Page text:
• the _ sign represents one of the primitives of the language (primitives are the predefined functions of the language). It represents an audio cable that lets the signal pass through without transforming it. This is what one calls in mathematics the identity function, the signal that enters on the left comes out on the right identically.

Example 2: Adding two signals

We saw in the previous example the primitive _. Faust has a large number of primitives, including all mathematical operations.

The + primitive for instance is used to add two signals. It can therefore be used to transform a stereophonic signal (on two channels) into a monophonic signal as in the following example:

Example 3: Multiplying two signals

The * primitive for instance is used to multiply two signals:

As you can hear, multiplying the two channels of a signal between them transforms the sound quite drastically.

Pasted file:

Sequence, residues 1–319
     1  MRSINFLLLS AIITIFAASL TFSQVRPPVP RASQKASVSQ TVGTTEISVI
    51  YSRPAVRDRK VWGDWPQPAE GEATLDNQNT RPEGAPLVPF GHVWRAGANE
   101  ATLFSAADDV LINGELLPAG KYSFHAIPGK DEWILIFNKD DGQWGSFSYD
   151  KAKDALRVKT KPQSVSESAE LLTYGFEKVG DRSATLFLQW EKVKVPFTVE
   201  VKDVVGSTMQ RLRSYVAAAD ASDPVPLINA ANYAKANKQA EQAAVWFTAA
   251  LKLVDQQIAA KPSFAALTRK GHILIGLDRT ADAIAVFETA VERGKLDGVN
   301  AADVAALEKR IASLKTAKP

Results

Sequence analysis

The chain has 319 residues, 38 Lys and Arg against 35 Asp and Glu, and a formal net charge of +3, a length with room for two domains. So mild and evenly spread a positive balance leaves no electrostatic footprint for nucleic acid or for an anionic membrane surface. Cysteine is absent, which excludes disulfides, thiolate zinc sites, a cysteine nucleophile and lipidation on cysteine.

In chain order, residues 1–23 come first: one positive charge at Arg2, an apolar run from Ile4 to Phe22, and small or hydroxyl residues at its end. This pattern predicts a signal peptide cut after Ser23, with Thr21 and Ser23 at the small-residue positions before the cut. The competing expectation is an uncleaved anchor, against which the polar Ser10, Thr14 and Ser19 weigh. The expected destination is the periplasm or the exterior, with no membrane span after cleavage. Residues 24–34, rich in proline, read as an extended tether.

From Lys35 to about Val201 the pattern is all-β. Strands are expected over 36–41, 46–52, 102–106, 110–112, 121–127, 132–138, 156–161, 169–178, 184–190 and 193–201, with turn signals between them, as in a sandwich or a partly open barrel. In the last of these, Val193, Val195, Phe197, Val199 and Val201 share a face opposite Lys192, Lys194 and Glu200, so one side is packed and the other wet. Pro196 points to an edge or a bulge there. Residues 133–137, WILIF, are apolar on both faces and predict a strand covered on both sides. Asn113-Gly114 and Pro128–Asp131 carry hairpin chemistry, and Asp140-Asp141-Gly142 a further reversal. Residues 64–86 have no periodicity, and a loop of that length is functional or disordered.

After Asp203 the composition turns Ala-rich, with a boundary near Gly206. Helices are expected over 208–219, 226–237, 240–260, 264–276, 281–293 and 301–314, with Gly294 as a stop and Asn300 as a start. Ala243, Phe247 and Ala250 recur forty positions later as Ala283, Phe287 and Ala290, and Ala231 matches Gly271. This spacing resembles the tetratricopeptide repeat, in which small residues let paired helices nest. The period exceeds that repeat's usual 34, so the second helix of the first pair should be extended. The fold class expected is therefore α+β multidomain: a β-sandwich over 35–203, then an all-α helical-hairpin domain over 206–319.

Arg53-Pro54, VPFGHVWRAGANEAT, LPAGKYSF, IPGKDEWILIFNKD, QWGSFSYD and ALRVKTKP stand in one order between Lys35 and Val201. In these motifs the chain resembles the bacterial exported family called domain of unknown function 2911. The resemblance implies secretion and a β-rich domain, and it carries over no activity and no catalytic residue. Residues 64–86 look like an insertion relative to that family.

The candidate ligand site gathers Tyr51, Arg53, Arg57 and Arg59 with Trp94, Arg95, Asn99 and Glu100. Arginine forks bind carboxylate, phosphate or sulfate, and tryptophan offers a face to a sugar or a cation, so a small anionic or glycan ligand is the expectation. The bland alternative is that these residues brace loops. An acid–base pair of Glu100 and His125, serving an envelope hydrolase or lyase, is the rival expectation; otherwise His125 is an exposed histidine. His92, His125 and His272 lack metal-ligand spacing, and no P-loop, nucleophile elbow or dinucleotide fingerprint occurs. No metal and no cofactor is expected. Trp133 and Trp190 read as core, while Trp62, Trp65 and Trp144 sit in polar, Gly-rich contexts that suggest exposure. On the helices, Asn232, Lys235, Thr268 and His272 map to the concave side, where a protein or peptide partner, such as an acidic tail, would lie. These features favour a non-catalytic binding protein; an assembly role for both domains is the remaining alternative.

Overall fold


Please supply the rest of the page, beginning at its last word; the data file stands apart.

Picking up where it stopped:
Example 4: Parallel composition

Programming in Faust consists in assembling primitive operations to form more or less complex audio circuits. To realize these assemblies, Faust has 5 composition operations: ~, ,, ;, <:, :>.

Let's first look at the parallel composition represented by the comma ,:

We made a stereo cable and when we play the audio file, we now hear it on both speakers.

It is very important to distinguish between primitives, such as _, + or *, and composition operations such as , or :. Primitives represent operations on audio signals, whereas composition operations are used to link two audio operations together. In other words, you can write + or * alone, because they represent valid audio operations, but you can never write , or : alone because they are used to connect two audio operations. You must always write A,B or A:B.

The primitives of Faust are organized in several categories. We find all the numerical functions of the C language, but applied to audio signals:

Category Primitives
Arithmetic +, -, *, /, ...